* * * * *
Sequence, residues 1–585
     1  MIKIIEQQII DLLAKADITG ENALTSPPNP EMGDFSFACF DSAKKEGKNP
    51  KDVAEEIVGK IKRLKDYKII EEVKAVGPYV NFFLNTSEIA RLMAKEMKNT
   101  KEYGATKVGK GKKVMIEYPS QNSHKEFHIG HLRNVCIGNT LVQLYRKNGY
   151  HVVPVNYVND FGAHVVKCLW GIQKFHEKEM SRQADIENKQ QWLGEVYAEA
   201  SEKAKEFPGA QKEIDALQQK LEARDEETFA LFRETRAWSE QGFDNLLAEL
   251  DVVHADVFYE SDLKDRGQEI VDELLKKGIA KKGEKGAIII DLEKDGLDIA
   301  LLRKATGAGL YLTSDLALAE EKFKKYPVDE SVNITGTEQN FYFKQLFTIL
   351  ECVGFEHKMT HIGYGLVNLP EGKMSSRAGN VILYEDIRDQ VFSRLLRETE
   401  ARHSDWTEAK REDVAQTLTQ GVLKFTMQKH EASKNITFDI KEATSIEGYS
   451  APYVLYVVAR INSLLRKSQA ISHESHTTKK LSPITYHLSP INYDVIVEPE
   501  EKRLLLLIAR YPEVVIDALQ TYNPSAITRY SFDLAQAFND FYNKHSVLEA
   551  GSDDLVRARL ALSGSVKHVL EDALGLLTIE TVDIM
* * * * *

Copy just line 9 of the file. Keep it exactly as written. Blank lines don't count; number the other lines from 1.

   351  ECVGFEHKMT HIGYGLVNLP EGKMSSRAGN VILYEDIRDQ VFSRLLRETE